[Tig] Phosphor persistence [was: Compression/Monitor calibration]

Chuck Harrison cfharr
Thu Jun 16 17:11:12 BST 2005


Peter,

On this one I am *very* suspect of your 10-msec-range numbers.

Think of what a motion picture camera pointed at a CRT sees:
a bright band proportional to the shutter angle of the camera.

Any readers out there can make a quick test with a digital
still camera, too.

My recollection is that the decay time of typical TV CRT
phosphors is several microseconds. FWIW the few long-persistence
applications I have bumped up against (typically caligraphic
ones, like radar or sonar displays) all seem to have green
phosphors.

Peace & light,
  Chuck

Peter Swinson wrote:
> 
> 
> 
> Thanks to James Braid of Oktobor for supporting the TIG
> --
> 
> >> a display CRT that has an afterglow of say 10-20mSec
> 
> Martin Euredjian wrote
> 
> > I guess I never thought of it being that long.  Is this typical for the
> BVM
> series?
> 
> Well I ball parked the figures.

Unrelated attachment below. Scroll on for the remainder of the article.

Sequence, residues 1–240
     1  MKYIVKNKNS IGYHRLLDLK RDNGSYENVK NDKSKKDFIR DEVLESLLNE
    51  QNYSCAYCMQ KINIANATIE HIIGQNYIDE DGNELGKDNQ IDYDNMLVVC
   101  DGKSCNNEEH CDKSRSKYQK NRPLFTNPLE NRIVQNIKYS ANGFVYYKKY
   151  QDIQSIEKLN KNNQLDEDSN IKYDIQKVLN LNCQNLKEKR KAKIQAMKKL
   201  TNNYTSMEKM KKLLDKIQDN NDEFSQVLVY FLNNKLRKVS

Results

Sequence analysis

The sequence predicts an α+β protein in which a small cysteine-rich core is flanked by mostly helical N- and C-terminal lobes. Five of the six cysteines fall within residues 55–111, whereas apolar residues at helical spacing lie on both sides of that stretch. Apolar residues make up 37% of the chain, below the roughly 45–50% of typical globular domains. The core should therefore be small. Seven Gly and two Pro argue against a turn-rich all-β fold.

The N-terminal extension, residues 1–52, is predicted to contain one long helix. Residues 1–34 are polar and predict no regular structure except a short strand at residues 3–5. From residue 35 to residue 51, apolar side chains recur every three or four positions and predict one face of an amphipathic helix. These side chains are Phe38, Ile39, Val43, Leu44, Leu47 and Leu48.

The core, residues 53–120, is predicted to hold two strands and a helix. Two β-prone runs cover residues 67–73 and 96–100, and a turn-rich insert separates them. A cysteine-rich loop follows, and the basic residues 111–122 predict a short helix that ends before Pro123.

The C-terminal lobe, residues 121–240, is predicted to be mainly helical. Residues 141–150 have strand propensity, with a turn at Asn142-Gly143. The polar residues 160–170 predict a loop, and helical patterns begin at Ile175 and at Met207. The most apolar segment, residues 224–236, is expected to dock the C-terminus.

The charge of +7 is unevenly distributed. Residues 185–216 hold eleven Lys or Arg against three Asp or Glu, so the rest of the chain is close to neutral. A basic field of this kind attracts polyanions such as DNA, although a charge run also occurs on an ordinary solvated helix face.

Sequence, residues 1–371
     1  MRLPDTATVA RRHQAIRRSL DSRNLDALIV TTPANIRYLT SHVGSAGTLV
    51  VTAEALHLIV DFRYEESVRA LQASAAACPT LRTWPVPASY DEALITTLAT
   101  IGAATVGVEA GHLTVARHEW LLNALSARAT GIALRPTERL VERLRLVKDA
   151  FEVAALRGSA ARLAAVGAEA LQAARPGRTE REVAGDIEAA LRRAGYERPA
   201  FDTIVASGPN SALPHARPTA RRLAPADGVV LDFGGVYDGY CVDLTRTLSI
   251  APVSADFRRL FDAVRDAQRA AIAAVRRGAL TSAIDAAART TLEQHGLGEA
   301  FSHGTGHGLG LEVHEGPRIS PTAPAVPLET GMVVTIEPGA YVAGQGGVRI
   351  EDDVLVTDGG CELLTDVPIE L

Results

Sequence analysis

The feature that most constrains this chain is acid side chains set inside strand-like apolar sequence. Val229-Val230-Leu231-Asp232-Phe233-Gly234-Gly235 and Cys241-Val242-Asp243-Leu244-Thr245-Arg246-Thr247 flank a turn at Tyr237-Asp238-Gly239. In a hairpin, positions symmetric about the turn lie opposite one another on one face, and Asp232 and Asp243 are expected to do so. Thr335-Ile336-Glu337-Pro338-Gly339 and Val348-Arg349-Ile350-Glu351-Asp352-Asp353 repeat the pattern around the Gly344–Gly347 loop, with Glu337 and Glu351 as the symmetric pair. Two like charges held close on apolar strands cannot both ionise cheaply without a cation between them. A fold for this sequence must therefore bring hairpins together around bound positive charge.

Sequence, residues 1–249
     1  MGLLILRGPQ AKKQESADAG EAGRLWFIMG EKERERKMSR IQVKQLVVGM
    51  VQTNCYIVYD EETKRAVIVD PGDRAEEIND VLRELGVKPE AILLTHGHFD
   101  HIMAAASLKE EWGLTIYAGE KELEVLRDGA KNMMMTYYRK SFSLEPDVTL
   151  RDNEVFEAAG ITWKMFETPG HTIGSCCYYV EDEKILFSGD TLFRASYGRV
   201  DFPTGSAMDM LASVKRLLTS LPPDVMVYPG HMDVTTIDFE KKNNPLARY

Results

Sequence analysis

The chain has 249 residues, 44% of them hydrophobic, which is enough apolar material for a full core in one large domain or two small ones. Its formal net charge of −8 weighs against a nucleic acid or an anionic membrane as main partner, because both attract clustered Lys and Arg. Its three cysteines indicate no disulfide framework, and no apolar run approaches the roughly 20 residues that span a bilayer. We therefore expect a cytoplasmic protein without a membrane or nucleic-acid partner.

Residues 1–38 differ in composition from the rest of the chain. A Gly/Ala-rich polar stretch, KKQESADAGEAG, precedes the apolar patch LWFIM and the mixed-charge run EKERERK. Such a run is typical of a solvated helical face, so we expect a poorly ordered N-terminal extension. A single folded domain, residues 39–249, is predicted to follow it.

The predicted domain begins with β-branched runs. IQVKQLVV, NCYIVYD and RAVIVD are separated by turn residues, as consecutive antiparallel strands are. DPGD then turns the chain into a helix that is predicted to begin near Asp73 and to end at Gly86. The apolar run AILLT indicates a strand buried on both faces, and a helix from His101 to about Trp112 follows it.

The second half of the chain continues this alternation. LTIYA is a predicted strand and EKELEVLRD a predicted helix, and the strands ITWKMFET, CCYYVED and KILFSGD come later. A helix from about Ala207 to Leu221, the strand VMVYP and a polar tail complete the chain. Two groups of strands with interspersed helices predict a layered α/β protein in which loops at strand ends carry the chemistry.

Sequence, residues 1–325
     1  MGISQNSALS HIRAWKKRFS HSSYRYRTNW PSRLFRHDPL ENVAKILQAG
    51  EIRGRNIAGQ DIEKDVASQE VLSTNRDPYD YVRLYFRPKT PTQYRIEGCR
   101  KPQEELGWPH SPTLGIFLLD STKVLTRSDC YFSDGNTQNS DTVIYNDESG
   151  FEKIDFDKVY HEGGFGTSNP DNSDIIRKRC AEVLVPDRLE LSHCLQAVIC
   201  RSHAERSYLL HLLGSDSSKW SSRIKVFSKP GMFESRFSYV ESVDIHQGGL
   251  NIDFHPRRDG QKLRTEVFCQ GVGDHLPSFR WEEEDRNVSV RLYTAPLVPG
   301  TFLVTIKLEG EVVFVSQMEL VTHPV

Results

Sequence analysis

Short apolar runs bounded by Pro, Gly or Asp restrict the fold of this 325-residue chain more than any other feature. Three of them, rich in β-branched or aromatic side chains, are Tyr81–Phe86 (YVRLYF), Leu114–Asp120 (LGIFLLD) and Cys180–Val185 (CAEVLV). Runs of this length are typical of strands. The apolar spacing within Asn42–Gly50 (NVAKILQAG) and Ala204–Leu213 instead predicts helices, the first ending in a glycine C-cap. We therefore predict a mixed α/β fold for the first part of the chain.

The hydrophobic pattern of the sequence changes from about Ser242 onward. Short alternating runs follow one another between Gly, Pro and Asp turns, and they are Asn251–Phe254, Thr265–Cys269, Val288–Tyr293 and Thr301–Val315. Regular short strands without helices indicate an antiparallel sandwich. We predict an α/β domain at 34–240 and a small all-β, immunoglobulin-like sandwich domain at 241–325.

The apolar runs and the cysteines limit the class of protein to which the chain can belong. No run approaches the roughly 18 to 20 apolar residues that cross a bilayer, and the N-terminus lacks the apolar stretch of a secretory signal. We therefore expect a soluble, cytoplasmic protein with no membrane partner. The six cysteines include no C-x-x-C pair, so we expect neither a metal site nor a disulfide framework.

> 
> Look at it like this, unlike a Scanner CRT, a display raster ideally, in a
> interlace world, should have 100% afterglow for at least one field. Bear in
> mind that it is still a spot (3 in color) that is drawing the raster across
> and down the screen. In NTSC world each field is around 16mSec and
> PAL/Secam  world 20mSec. In reality the afterglow can be longer as it takes
> another 16 or 20Msec for the second field to draw down the screen.  Also
> the spot is modulated by the video signal, so the instantaneous brightness
> is defined by the spot, no video no spot 100% video 100% spot. Now the
> instant the field is repeated the afterglow from the previous same field
> should clear. Impossible, therefore Display CRTs have  afterglows that hold
> well for at least one field but are gone by the end of the second field,
> such that the repeated "third" field can start again. If Display CRTs had
> short afterglow they would flicker horribly.  None of this applies to LCDs
> etc as they are, as far as I know,  basically "Splat" technology, like
> film; The whole image is presented at once and removed at once.
> 
> Or have I got it all wrong again !!!
> 
> cheers
> 
> Peter
> 
> 
> 
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